3. Don’t forcibly reset your bodyclock 

“Social jetlag is a phenomenon that posesses all the benefits of normal jetlag – headaches, nausea, insomnia, brain fog, et cetera – without you actually travelling anywhere,” Dr Meadows hypothesises. “25% of the UK experiences social jetlag. Ultimately, what this means is that getting up and going to bed at different times every day – lying in at the weekend, for example – causes a circadian confusion.”

Eating at different times, exposing yourself to light at different times and exercising at different times also have a detrimental effect on our internal bodyclocks. As a result, we turn to sleeping pills and potions – herbal or otherwise – to help us reset the clock. But, Dr Meadows argues that such methods are not workable long-term strategies. “Insomnia is largely psychological, and the more we try to control the function of sleep, the more awake we become. The best thing to do in this circumstance is relinquish control entirely – good quality sleep will find you at the optimum moment, most likely when you have stopped trying altogether.”

4. Pace yourself with coffee, alcohol, cigarettes and food

Dr Meadows has some staunch advice for coffee and wine lovers. “We all produce a sleepy brain chemical called adenosine. Well, caffeine is the antagonist to adenosine,” he explains. “The way it works is it binds the receptor sites where adenosine would usually bind, prolonging wakefulness.” Caffeine takes around six hours to leave your system, so it makes sense to limit yourself to a maximum of three caffeine-based products a day. Likewise, alcohol impairs our ability to slip into REM sleep, leading to fragmented rest, especially towards the latter part of the night. “It takes an hour to metabolise one unit of alcohol. So, if you have a glass of champagne at 7pm, it will clear from your system at around 9.30pm, whereas if you have four glasses, it will likely disturb your sleep.” Nicotine, similarly, is a stimulant, so if you must smoke, leaving at least three to four hours between smoking and sleeping is very important. Lastly, reverse your mealtimes – the largest meal should be eaten in the morning and the smallest in the evening, lest you fancy yet another restless night.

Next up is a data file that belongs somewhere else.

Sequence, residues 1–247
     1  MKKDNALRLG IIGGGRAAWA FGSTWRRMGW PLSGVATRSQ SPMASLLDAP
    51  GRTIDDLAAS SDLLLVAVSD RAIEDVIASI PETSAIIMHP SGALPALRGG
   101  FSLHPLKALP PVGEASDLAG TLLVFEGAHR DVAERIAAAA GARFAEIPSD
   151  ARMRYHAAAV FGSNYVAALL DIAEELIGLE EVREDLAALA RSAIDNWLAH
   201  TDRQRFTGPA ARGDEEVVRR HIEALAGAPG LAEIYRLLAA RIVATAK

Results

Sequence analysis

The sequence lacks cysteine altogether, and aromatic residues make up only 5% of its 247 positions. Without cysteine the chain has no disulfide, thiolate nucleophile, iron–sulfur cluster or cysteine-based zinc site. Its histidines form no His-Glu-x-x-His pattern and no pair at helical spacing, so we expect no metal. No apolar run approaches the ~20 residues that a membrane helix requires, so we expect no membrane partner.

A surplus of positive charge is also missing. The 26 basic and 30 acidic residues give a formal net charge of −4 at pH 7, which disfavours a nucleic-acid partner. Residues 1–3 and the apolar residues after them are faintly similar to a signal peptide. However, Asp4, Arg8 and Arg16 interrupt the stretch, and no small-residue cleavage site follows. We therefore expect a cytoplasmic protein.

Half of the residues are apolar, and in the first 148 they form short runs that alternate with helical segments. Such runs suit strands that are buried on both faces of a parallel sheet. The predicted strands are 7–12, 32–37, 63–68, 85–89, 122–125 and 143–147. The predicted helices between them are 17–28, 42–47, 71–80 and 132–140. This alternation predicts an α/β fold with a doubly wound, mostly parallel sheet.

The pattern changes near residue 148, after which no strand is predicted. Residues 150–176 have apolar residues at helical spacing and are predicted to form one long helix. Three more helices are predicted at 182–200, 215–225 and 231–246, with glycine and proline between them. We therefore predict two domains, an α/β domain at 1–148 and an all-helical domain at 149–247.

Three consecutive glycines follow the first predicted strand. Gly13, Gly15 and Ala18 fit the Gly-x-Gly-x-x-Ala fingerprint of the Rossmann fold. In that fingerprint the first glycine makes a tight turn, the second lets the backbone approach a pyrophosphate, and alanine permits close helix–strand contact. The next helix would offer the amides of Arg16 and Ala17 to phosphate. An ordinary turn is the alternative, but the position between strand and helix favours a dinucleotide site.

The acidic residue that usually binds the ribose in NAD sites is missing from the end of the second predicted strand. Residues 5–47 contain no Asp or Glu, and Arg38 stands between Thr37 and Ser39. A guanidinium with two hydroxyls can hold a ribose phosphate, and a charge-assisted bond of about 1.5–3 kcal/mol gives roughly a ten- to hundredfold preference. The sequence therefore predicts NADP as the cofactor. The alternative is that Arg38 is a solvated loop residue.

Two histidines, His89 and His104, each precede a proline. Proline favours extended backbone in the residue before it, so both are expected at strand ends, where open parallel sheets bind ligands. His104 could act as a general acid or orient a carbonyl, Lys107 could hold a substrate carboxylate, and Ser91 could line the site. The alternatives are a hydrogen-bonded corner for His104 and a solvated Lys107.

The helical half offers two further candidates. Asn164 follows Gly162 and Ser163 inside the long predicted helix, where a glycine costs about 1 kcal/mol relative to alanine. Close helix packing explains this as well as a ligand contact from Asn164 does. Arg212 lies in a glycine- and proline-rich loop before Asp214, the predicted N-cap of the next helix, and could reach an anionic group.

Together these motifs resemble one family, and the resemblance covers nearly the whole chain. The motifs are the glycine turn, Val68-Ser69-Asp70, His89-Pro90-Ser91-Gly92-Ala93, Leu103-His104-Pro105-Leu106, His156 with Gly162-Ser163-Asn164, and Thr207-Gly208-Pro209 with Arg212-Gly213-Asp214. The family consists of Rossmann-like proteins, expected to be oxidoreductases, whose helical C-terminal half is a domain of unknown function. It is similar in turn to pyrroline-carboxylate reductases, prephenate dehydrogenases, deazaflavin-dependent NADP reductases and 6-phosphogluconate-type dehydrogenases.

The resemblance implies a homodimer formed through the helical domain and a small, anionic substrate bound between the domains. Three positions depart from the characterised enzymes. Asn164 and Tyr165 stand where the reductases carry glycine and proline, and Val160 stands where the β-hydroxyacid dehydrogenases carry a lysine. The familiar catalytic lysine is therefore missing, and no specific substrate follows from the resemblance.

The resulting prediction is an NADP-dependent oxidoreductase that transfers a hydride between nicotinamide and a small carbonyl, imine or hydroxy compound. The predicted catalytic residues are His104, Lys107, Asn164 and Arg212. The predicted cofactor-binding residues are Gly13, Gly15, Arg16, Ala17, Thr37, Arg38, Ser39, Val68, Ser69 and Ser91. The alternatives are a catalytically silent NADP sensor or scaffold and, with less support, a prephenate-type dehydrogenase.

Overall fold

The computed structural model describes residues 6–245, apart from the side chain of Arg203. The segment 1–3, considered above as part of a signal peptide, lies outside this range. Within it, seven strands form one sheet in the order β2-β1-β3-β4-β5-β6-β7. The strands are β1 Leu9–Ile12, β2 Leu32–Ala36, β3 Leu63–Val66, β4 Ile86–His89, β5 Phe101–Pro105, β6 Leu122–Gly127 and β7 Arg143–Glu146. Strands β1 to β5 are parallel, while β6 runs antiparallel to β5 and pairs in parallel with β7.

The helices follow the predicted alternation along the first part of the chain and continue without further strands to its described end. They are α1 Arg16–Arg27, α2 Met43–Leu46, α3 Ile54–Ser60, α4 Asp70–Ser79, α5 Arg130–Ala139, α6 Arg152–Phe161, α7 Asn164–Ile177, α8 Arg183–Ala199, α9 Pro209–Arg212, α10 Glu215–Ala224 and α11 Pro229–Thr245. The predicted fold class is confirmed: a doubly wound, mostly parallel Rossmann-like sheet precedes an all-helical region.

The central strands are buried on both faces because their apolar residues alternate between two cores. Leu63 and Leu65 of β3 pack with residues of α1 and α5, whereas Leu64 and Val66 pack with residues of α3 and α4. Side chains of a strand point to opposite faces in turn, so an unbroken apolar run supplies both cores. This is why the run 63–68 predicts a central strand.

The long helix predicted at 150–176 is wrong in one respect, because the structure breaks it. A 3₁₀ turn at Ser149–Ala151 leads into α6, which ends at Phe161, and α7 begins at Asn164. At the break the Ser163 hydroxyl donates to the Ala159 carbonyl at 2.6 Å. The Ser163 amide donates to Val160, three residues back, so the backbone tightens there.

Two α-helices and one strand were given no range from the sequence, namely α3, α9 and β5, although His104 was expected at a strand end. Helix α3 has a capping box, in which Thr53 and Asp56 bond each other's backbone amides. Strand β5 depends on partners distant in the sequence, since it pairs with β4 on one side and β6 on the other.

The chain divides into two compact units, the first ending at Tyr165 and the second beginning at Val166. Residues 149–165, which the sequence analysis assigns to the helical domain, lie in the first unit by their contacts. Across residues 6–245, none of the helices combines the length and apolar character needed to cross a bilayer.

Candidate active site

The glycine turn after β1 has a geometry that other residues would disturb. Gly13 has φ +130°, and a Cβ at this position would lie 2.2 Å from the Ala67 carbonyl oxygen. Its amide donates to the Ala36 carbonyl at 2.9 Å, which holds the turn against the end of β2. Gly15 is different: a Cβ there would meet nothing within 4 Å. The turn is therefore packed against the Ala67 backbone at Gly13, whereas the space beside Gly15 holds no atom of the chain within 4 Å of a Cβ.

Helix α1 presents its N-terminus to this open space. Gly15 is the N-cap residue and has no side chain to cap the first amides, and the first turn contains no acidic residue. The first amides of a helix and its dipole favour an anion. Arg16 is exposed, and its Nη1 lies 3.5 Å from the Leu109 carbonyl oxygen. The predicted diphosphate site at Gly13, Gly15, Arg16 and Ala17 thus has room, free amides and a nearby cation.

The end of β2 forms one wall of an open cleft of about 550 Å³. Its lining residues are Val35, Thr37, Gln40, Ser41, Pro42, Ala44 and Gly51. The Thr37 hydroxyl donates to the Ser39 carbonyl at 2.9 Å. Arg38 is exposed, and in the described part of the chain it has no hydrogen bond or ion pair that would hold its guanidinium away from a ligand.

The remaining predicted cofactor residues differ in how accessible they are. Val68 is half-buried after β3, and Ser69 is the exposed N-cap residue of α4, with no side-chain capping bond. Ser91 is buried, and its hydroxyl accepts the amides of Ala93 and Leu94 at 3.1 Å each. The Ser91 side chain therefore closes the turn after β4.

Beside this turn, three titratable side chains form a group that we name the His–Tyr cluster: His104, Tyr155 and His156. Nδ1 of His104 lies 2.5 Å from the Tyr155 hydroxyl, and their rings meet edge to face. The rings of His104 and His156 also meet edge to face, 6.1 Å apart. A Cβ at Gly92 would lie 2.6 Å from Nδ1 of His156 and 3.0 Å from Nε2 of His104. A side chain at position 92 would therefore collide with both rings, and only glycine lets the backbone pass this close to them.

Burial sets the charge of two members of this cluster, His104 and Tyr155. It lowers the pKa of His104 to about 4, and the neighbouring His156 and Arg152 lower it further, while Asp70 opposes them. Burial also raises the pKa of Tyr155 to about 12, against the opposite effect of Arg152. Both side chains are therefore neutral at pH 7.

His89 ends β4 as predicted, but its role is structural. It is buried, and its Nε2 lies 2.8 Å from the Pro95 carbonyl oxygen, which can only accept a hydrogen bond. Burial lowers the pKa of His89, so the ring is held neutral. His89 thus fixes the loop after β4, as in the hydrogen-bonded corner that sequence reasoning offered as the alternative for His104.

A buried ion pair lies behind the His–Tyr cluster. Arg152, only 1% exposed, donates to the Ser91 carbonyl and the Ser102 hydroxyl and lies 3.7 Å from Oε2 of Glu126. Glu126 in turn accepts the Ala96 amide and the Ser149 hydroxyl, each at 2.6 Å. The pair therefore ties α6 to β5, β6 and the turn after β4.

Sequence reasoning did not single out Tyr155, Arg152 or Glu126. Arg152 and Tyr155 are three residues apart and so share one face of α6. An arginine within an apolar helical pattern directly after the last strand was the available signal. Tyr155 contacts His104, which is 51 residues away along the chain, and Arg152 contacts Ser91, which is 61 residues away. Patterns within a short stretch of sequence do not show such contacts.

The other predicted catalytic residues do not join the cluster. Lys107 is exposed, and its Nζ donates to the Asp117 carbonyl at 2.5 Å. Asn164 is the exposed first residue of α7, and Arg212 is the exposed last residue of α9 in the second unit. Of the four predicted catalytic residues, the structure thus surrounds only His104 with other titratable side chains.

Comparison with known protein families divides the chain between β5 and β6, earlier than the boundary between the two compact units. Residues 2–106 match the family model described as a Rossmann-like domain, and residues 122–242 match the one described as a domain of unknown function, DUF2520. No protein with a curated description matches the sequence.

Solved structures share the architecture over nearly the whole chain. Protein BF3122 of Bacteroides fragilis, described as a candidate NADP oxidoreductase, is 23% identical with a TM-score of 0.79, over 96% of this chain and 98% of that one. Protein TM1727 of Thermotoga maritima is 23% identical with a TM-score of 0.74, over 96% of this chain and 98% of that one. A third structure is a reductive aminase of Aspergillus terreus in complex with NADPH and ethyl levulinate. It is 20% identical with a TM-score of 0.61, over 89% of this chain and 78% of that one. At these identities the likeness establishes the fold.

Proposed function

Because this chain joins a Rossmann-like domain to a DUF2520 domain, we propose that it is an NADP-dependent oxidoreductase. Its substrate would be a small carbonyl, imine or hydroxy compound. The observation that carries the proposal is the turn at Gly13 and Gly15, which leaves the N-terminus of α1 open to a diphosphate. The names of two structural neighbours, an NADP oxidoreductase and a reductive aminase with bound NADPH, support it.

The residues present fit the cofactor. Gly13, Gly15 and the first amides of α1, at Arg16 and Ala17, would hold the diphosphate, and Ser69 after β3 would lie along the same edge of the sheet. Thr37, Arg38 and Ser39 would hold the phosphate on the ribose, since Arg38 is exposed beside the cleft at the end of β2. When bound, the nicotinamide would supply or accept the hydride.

5. Switch off entirely 

“Our daily wind-down routines generally involve being on our phones. We know that this reduces the production of melatonin, increases the time it takes to fall asleep, and greatly reduces sleep quality,” says Dr Meadows. So, as tempting as nightly screen-time is, it is deeply detrimental to your sleep. For one, the blue light omitted from smart devices actually mimics the same wavelength of the sun’s rays, tricking your brain into thinking it’s dawn rather than midnight. Secondly, checking in on emails stimulates our stress levels, subsequently delaying sleep onset and quality. Switching off a minimum of two hours before bed then is key. “Ultimately, I’m a big fan of just switching stuff off and pottering around if you aren’t sleepy yet. The more you wind down, the more you convince your brain that sleep is on the way.” 

With thanks to Dr Guy Meadows and Marriott Hotels.